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Hurricane Harvey Rainfall Poses Danger to Ill-Prepared New Orleans

New Orleans is facing down its first Category 3 hurricane since Katrina decimated the city 12 years ago, and three of the city’s five power turbines are out.
Image: New Orleans Sewerage & Water Board Facility
Rain clouds gather over the New Orleans Sewerage & Water Board facility, where turbines that power pumps have failed on August 10, 2017 in New Orleans. fileGerald Herbert / AP file

As a major hurricane churns in the Gulf of Mexico, New Orleans is facing the biggest threat to public safety since Katrina ravaged the city 12 years ago. With a large number of pumps and turbines out of service, it is not clear if the city is ready for Hurricane Harvey, and the city is studying emergency evacuation plans.

Three of the five power turbines that power the 120 pumps that are supposed to keep the low-lying city from being swamped by rainwater are not working. And 15 of those pumps were offline because of repairs.

Earlier this month, substantial rainfall caused the Lakeview and Mid-City neighborhoods to flood, soaking some areas in knee-deep water because the city’s pump and drainage systems were not at full capacity. Harvey is expected to pour another five to 10 inches of rain on the city.

Mayor Mitch Landrieu promised residents that he and other city officials have been working hard since the Aug. 5 storm to make repairs to increase power and pump capacity.

Nonetheless, the mayor confirmed that they were at "diminished capacity."

"The Sewerage and Water Board and contractors are now working 24/7 to repair all power and all pumps,” Landrieu said at a Thursday news conference. “Since early August, we’ve brought one turbine back online, we’ve repaired three major pumps and secured and mobilized 26 backup generators.”

Image: New Orleans flooding
Philana Crite, in town from Cleveland for a family reunion, steps off the curb into flood waters in New Orleans on Saturday, Aug. 5, 2017. Scott Threlkeld / The Advocate via AP file

Landrieu said they had hired contractors to secure additional manpower in case of an emergency incident, and encouraged residents to revisit their emergency plans and clean out catch basins, which help with drainage on city blocks. He also said that he was reviewing an evacuation plan for the city, but was unclear what would trigger an evacuation.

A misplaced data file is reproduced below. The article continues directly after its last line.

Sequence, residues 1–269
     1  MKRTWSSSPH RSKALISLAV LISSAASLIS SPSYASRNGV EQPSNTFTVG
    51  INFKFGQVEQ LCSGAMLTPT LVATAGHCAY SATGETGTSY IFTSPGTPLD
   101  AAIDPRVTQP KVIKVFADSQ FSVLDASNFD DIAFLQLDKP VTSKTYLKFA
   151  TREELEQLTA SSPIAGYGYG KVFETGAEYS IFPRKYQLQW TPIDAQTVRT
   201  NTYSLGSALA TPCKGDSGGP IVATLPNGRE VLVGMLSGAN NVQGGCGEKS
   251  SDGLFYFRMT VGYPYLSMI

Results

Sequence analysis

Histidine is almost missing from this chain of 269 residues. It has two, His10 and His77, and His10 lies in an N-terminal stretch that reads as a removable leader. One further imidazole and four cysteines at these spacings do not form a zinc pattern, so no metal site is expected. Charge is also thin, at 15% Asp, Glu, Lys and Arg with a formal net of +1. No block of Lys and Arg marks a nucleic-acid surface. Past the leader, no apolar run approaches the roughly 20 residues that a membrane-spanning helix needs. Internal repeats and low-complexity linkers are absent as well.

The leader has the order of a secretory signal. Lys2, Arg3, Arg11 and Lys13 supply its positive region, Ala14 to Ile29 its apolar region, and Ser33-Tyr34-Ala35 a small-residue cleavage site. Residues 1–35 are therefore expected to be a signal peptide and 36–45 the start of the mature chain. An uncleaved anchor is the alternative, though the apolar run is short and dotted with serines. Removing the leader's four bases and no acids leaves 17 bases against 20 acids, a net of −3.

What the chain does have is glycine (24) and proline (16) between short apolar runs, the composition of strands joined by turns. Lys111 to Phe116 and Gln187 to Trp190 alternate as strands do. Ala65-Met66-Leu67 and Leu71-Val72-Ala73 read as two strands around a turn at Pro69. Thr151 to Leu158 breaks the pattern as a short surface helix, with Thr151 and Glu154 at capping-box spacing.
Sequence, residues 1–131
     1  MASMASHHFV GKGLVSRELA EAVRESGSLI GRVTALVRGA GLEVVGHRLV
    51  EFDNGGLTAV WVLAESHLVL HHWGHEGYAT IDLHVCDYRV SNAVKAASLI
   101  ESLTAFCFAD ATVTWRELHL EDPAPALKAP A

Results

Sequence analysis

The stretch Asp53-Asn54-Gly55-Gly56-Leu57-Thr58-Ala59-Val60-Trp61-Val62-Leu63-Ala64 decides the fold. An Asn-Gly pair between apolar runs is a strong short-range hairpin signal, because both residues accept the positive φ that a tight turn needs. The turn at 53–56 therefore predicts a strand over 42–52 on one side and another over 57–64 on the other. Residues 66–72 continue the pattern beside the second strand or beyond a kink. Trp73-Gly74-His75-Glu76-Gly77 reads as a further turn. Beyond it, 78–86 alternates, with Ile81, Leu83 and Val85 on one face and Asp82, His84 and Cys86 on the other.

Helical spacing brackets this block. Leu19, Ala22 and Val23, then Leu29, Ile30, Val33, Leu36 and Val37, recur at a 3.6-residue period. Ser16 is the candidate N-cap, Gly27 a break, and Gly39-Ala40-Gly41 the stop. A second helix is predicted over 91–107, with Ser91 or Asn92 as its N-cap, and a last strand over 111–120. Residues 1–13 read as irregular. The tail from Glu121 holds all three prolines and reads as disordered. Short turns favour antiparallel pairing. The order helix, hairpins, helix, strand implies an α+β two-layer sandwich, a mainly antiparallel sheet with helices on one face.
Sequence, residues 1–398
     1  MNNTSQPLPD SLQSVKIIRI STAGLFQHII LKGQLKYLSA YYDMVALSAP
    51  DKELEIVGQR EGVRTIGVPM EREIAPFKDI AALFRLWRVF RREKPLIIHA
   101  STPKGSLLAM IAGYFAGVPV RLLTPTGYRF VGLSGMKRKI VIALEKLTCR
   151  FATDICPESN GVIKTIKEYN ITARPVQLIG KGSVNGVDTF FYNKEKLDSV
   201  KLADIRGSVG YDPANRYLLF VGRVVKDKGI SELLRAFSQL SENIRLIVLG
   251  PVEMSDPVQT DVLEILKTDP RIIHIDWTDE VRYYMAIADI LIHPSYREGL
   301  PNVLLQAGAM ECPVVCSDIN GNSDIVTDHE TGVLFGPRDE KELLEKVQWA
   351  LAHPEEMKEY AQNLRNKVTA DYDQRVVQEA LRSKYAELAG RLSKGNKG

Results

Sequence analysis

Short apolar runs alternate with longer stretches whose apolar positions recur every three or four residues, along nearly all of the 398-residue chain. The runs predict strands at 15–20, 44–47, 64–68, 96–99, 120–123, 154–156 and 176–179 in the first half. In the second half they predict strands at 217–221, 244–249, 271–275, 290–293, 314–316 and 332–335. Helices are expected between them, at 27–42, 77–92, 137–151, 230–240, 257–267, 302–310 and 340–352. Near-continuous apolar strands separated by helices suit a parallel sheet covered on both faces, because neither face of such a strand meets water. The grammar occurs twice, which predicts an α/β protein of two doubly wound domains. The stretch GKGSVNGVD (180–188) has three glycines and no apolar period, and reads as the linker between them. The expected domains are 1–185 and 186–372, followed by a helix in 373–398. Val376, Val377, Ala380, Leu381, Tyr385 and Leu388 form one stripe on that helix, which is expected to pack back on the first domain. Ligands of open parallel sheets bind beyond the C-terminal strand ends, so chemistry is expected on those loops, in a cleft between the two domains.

His office declined to confirm the city's pumping capacity when NBC News reached out for comment Wednesday.

Lakeview’s operational capacity plummeted to 52 percent during the storm on Aug. 5, and Mid-City’s pumps were only working at 63 percent of their total capacity, leading to intense flooding.

Related: Storms, Flagging Pumps and a Fire Put New Orleans at Risk of Flooding

The problems New Orleans faces stem from its antiquated pumping and drainage system, as well as controversy at the New Orleans Sewerage and Water Board (S&WB).

The S&WB told city officials and the public numerous times that the pumps were operating at “full capacity” during New Orleans’ recent flooding. This turned out to be untrue, as the S&WB confirmed later — first admitting that eight pumps were out of service. A day later, they revealed that 14 were actually down. And then, a few days after that, they upped the total to 16 pumps being out of service.

Image: Randy Davis
Randy Davis, manager at the Circle Food Store in New Orleans, mops the floor after the store flooded from torrential rains, on Aug. 7, 2017. Gerald Herbert / AP file

To pile onto the problems, the city was then left with a single working turbine to power its drainage pumps and water treatment plant on the Thursday following the Aug. 5 storm. Landrieu promised that the city would develop redundancy power options in case the single working turbine failed.

Two members of the Sewerage and Water Board, as well as Scott Jacobs, its president pro tem, and General Superintendent Joe Becker, have since resigned. Its executive director, Cedric Grant, announced he would be retiring in light of the controversy — months before he had planned.

"City Hall has known for years that drainage is inadequate," Jacobs said after his resignation, according to the New Orleans Advocate. "I’m disappointed that instead of standing up and saying this is a problem, and now the’s time to deal with it, we’re going to shoot a civil servant an hour until this problem is resolved."

But now, as Hurricane Harvey plows toward the region, the city waits to see if the work that has been done at S&WB since Aug. 5 will save it from destructive flooding.

New Orleans will likely experience the worst of the rain Sunday through Tuesday, but Weather Channel Senior Meteorologist Frank Giannasca said the real test will come as bands of moisture drench the city in waves as Harvey passes to the west.

“There are these bands of heavy precipitation that head [Harvey] out and that will hit New Orleans on the eastern side of the storm, which could drop even more water,” Giannasca said.

“There’s just so much water in the air," he added, "and another problem is it’s so slow-moving."

CORRECTION (8:04 p.m. ET, Aug. 24): An earlier version of this story misstated what Meteorologist Frank Giannasca had said about the storm forecast. New Orleans is expected to get the most rain Sunday through Tuesday, not on Friday and Saturday.